MacKenzie likes to keep things in the family. He lives with his wife, Jacqueline, just outside Sevenoaks in Kent. They have been married for 30 years and have three children, one of whom ­ Ashley ­ is the commercial director of Talkco.

Those who know him claim MacKenzie wanted a stake in his own business. But he says of his decision to leave Mirror Group: “I didn’t feel fulfilled. At the top of a large company there is a lot of corporate politics, which I’m not good at. And the opportunity at Talk was too good to turn down.”

MacKenzie now claims he has found a home. “I’m here for the long run,” he says. It will take time: in three to four years we will have a cracking station.” But he believes he is in danger of being evicted by the BBC. “The BBC is the last of the nationalised industries ­ it is trying to run me out of business,” he complains.

MacKenzie has accelerated Talk’s move towards sports programming, initiated by former managing director Paul Robinson. He has brought in new shows, such as SportZone, well-known presenters like Andy Gray, whom he was able to attract through Talk’s informal association with BSkyB, and has won some important sports rights. This autumn Talk will exclusively broadcast England’s cricket tours of South Africa and Zimbabwe, which it stole from under the nose of the Beeb. It will also broadcast live coverage of FA Cup matches and England football internationals in the coming season.

Despite these successes ­ or maybe because of them ­ MacKenzie still feels the BBC is out to get him. The battle between Talk and the corporation’s speech-based stations is fierce. It is a game that demands deep pockets. The BBC may be on the back foot in the acquisition of TV rights compared with commercial players such as Sky or ITV, but it remains largely unchallenged in radio. Radio 4 and Radio 5 Live’s programme budgets are £50m and £25m respectively. Talk’s is £6m.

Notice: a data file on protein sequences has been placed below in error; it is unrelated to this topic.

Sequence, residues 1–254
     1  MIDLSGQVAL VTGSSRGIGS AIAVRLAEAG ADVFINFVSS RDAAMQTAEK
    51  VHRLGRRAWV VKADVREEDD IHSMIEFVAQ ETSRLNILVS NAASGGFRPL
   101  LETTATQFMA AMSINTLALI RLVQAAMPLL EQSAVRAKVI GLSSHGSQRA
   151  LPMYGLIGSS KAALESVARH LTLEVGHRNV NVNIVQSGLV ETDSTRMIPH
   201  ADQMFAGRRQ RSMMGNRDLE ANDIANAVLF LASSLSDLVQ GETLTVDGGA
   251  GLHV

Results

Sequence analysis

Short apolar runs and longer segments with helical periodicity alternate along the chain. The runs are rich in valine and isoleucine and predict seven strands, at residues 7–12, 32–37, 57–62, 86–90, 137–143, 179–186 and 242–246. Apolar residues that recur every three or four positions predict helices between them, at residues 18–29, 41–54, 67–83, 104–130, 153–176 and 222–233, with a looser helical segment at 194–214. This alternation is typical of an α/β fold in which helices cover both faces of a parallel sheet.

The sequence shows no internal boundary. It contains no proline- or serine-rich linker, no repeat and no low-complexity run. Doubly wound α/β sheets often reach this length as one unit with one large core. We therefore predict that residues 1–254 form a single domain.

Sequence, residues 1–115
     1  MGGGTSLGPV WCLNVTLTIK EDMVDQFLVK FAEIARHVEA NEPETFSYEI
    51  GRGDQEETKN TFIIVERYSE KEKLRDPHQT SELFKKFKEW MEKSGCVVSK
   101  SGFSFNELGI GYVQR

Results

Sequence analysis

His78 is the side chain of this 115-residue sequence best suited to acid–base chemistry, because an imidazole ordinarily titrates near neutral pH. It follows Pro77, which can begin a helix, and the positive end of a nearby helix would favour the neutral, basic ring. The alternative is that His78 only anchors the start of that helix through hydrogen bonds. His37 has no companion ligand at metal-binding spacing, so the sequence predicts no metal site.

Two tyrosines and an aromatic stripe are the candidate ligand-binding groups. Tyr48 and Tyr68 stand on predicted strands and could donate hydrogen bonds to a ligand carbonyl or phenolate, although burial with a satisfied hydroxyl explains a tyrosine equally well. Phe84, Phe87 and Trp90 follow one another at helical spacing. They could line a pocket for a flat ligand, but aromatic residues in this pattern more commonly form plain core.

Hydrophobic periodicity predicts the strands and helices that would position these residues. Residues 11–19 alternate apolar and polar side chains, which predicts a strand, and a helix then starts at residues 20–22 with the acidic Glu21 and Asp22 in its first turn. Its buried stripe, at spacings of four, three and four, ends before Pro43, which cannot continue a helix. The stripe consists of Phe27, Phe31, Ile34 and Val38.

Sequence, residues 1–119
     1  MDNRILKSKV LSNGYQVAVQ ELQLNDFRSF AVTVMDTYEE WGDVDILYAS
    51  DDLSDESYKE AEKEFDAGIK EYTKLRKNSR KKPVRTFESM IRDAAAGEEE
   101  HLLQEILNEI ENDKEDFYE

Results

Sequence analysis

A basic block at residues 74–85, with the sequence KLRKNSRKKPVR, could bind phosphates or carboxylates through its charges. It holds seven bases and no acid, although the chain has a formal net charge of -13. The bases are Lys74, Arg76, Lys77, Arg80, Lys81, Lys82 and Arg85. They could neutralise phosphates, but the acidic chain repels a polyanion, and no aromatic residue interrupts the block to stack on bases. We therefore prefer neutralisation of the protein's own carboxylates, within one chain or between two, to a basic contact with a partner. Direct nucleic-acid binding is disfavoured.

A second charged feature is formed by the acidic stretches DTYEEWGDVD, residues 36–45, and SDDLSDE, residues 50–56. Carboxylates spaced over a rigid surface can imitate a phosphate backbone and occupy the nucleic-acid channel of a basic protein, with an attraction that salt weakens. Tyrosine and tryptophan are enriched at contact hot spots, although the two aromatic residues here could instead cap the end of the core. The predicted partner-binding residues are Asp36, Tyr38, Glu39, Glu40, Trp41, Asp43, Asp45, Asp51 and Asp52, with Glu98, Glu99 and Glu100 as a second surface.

EMAP Radio chief executive Tim Schoonmaker says: “Kelvin’s learning what’s different about radio, and what’s different is the BBC.”

Talk is the smallest of the three national commercial radio stations. Last week’s Radio Joint Audience Research (Rajar) figures gave the station 2.3 million listeners a week. Virgin Radio has 3.5 million, while Classic FM is way out in front with 6 million listeners.

MacKenzie says that over the next 18 months he wants to increase his audience by 20 per cent and boost Talk’s revenues by more than twice that amount. He also wants to attract a different type of listener. As Zenith’s head of radio Yvonne Scullion says: “Kelvin inherited an older, more downmarket listener. It hasn’t got advertisers excited.”

MacKenzie agrees, saying that as more sports programming comes on air “we will lose older women and replace them with 25- to 44-year-old men”. Last week’s Rajar figures showed more ABC1s, and more men, are coming to the station.

He is clear about the pressure he is under: “My investors have put a bet on me and my team turning this station round.” They are gambling on something intangible ­ MacKenzie’s ability to read the mass market. Yet some believe that he has lost that flair since leaving The Sun.

He has enough money coming from Murdoch to last another three years. In that short time, MacKenzie has to fight off both the BBC and commercial rivals with 25 years’ experience in a medium where he has spent just eight months. No wonder he gets up early.